Okay, okay, I captured your attention with that headline, right? Relax, I’m not about to call for the abolishment of Independence Day, or, as most of us refer to it, the Fourth of July—quite to the contrary. If anything, I’d like to encourage an even greater respect for this most important of national holidays. However, I do question whether or not most Americans today really reflect upon the true inspiration for setting this day aside for celebration..
Independence Day has only been officially celebrated as a federal holiday since 1941, but it has been unofficially celebrated since July 4, 1776. That was the day that the Declaration of Independence was actually signed by the members of the Continental Congress (the vote itself took place two days prior). The document officially declared America’s independence from “Mother England,” and signaled the birth of the longest lasting democracy in the history of the world.
But what does the average person think of when the Fourth of July rolls around? Fireworks, parades, hot dogs, hamburgers, time off from work, or a big sale at the local shopping mall are the most common answers. Of course, we also see it as a time to be with family and friends, and to feel “patriotic.” And that’s fine.
But how many of us actually think of it in its true historical context, or reflect upon the events that led up to that seminal day in our nation’s history? Not very many, except for the “old timers.” But how many young people think of it in that fashion? How many are familiar with Paul Revere’s famous ride, or the Battle of Bunker Hill, or the Boston Tea Party? I’ll wager that most high school seniors today cannot identify any of those historical events. And that’s sad.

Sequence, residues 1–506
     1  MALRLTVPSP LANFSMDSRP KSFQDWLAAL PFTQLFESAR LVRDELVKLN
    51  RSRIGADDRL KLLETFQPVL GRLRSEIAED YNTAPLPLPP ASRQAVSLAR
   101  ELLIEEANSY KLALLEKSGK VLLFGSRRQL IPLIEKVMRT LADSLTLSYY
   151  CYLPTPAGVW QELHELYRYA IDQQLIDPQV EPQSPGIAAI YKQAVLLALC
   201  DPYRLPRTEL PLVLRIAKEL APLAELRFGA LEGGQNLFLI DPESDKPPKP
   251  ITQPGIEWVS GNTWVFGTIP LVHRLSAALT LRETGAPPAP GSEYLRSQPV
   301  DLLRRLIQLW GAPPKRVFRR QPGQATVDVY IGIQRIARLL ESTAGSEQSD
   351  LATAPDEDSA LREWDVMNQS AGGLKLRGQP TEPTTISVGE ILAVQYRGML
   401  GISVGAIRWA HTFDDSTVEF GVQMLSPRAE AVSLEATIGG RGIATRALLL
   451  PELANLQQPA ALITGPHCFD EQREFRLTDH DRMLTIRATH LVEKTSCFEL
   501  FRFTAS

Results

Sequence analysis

So, I ask again, is Independence Day still relevant today? Of course it is! But will it continue to be relevant in the future? That is the question we should be asking. Sadly, the number of Americans who understand the “true” significance of what happened on that special day, nearly 250 years ago, is declining with every passing year. But I know of a way to ensure that doesn’t happen. This Independence Day, all of us should make a concerted effort to spread the word to our children and grandchildren about this holiday’s importance to our nation. Maybe if we do that on every Fourth of July, we can hope that its relevance will continue to be recognized, and that Independence Day will continue to be celebrated for all the right reasons.
Happy Fourth of July, America!
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(Footnote: My grandmother, Eugenia Perrone Natale, an Italian immigrant, was born on the Fourth of July, late in the 19th century. However, as a true patriot, she understood the significance of the date, and the celebration of her birthday always took a back seat to that of our nation’s. Undoubtedly, she would second my remarks, were she still alive today. Happy birthday, Grandma!)
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